Many more of such cases have been recorded and are still being recorded daily in Nigeria. The list of such misdiagnoses is almost endless, likewise is the avoidable deaths. Experts, shedding more light on the danger of the situation, explained that apart from causing avoidable deaths, misdiagnosis could also leave victims battling new and strange ailments and could condemn them to permanent disabilities in the process.
According Dr. Toyosi Y. Raheem Immediate past President of Association of Medical Laboratory Scientists of Nigeria (AMLSN) and Deputy-Director, Laboratory Services at Nigerian Institute of Medical Research (NIMR), Yaba, Lagos the possible causes of misdiagnoses include excessive workload for healthcare provider (increased workload) as it could put pressure on healthcare provider and consequently lead to misdiagnosis, poor or inadequate diagnostic equipment in clinics, etc.
He added: “There are instances where diagnostic equipment such as blood pressure checking device in the clinics, microscopes in the laboratories, X-ray machine in radiology departments etc, are so bad, yet the equipment are being managed due to lack of quality ones. Certainly, such substandard equipment will give misleading results.” Relatedly, poor budgetary allocation to health services, especially to diagnostic services, also affects outcome of diagnosis.
Still emphasising on the gravity of misdiagnosis, Dr. Rahem explained that “An inadequately trained man-power is not a factor that can be swept under the carpet.”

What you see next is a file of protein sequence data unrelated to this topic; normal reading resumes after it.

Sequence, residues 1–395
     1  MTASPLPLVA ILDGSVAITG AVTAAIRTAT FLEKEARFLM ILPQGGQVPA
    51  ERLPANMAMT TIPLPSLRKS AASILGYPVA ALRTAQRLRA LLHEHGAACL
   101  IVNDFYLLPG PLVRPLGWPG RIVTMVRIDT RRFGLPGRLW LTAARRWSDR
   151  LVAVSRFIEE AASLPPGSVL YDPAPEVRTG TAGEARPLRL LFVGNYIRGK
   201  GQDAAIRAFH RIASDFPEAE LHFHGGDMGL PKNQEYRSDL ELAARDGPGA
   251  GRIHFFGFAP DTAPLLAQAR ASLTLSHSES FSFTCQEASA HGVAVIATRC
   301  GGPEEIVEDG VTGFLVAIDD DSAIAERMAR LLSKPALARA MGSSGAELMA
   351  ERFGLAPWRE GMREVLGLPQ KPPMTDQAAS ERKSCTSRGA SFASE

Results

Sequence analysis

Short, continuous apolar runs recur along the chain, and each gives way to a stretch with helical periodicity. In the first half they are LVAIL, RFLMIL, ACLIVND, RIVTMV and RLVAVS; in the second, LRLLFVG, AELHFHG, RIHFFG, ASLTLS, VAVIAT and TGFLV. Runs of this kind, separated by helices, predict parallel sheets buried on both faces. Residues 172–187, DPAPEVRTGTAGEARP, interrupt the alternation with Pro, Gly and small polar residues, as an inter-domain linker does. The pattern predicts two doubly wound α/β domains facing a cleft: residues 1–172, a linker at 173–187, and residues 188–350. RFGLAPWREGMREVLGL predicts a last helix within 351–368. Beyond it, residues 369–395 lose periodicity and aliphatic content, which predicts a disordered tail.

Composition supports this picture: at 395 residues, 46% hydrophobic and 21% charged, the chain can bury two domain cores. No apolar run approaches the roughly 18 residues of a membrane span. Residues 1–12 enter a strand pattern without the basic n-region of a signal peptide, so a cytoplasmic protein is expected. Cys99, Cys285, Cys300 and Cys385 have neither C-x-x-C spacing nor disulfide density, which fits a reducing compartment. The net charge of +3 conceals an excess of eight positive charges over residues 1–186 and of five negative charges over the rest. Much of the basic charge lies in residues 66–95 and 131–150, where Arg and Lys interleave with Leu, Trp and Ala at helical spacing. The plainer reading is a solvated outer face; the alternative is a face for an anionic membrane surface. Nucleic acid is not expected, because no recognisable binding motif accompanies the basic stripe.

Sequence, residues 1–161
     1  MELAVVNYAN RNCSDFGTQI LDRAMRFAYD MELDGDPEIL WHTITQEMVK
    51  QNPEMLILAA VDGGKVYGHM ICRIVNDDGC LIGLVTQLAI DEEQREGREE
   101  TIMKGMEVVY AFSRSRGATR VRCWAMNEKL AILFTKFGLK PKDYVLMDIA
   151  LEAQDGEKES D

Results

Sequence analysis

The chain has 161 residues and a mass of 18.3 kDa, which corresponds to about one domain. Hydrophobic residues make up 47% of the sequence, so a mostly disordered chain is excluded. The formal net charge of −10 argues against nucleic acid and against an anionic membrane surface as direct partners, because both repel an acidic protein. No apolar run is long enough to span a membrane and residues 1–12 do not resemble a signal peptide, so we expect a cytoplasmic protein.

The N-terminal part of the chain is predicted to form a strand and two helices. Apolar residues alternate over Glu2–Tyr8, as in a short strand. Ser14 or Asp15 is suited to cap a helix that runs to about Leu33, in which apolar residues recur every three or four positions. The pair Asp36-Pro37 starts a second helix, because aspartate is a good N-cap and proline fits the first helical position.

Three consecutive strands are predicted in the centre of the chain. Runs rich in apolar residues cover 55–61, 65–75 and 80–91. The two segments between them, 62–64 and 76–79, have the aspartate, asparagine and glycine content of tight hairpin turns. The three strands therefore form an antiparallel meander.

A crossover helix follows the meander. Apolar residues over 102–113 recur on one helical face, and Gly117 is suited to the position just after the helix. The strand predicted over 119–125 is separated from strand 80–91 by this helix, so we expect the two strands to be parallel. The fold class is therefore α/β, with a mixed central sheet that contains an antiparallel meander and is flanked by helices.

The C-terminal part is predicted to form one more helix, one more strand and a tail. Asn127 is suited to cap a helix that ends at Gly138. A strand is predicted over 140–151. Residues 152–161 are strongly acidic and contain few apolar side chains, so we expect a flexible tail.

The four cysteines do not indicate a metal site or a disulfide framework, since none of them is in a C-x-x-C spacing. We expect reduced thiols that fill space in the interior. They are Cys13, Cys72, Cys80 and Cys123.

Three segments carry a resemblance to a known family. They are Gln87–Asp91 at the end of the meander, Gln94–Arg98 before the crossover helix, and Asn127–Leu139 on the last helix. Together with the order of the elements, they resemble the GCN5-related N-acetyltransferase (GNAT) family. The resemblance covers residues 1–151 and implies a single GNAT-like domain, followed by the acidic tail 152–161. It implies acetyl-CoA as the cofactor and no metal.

The quality of training giving to healthcare professionals at the various training institutions is regrettably decreasing, leading to production of inadequately-trained physicians, nurses, medical laboratory scientists and other health professionals involved in medical diagnoses. He further added that unconducive work environment is also responsible for misdiagnosis. Erratic power supply, use of wrong healthcare providers to perform specialised diagnostic services, inter-professional hatred or disharmony, etc, are drivers of misdiagnoses.
All of these destructive infestations point to the deteriorating state of health care system in Nigeria and the negligence of the government towards the enhancement of the system. The gut-wrenching part is that the increase in female mortality in Nigeria on a daily basis is very preventable. Public-private initiatives should be sought, where multinational companies extracting resources from Nigeria might be encouraged to plough some of the profits back into healthcare for the communities providing the workforce for their commercial activities.
Gynaecologists should be thoroughly screened before being allowed to practice. Many Nigerian universities are short of knowledgeable lecturers needed to effectively function in the medical profession. The accreditation for school of medicine and other health-related courses in these universities should be seized and not granted till adequate equipments and human resources capable of dispensing the right knowledge and grooming the students into doctors and nurses, pharmacists, lab scientists and other health fields are obtained. These standards should not be lowered for any reason.
John Augustina is a 400 Level student of Mass Communication at the University of Benin.